# Kerodon

$\Newextarrow{\xRightarrow}{5,5}{0x21D2}$ $\newcommand\empty{}$

Corollary 7.6.7.11. Let $\operatorname{\mathcal{C}}$ be an $\infty$-category and let $\lambda$ be an infinite cardinal which is not regular. The following conditions are equivalent:

$(1)$

The $\infty$-category $\operatorname{\mathcal{C}}$ admits $\lambda$-small limits.

$(2)$

For every infinite cardinal $\kappa < \lambda$, the $\infty$-category $\operatorname{\mathcal{C}}$ admits $\kappa$-small limits.

$(3)$

The $\infty$-category $\operatorname{\mathcal{C}}$ admits $\lambda ^{+}$-small limits, where $\lambda ^{+}$ denotes the successor of $\lambda$.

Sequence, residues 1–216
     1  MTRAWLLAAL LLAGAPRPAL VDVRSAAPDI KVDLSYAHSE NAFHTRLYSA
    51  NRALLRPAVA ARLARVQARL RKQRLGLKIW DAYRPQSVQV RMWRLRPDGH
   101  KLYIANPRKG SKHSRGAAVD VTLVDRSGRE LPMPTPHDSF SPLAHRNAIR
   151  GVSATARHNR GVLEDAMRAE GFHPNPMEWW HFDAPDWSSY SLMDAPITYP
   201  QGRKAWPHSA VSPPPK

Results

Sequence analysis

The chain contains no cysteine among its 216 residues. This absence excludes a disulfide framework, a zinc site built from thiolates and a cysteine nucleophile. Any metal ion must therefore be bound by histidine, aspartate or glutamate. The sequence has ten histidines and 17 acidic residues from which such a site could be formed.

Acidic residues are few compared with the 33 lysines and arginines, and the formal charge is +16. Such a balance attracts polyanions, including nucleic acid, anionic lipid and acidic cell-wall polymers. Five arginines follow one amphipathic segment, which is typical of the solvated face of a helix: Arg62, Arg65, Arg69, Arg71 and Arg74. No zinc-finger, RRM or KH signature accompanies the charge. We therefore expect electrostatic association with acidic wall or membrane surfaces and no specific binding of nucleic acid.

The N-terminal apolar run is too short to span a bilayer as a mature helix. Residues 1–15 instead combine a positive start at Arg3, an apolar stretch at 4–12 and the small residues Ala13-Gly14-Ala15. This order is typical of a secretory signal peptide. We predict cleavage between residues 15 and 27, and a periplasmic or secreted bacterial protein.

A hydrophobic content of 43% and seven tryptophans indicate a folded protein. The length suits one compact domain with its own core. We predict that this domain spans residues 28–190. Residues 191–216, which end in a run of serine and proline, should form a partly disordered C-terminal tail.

Proof of Corollary 7.6.7.11. The equivalence $(1) \Leftrightarrow (2)$ and the implication $(3) \Rightarrow (1)$ follow from Remark 7.6.7.2. We will complete the proof by showing that $(1)$ implies $(3)$. Assume that $\operatorname{\mathcal{C}}$ admits $\lambda$-small limits; we wish to show that it admits $\lambda ^{+}$-small limits. By virtue of Proposition 7.6.7.8, it will suffice to show that every collection of objects $\{ X_ i \} _{i \in I}$ admits a product in $\operatorname{\mathcal{C}}$, provided that the index set $I$ has cardinality $\leq \lambda$. Our assumption that $\lambda$ is not regular guarantees that we can decompose $I$ as a disjoint union of $\lambda$-small subsets $\{ I_ j \subseteq I \} _{j \in J}$, where the index set $J$ is $\lambda$-small. It follows from $(1)$ that $\operatorname{\mathcal{C}}$ admits $J$-indexed products and also that it admits $I_{j}$-indexed products for each $j \in J$, and therefore admits $I$-indexed products by virtue of Corollary 7.6.1.19. $\square$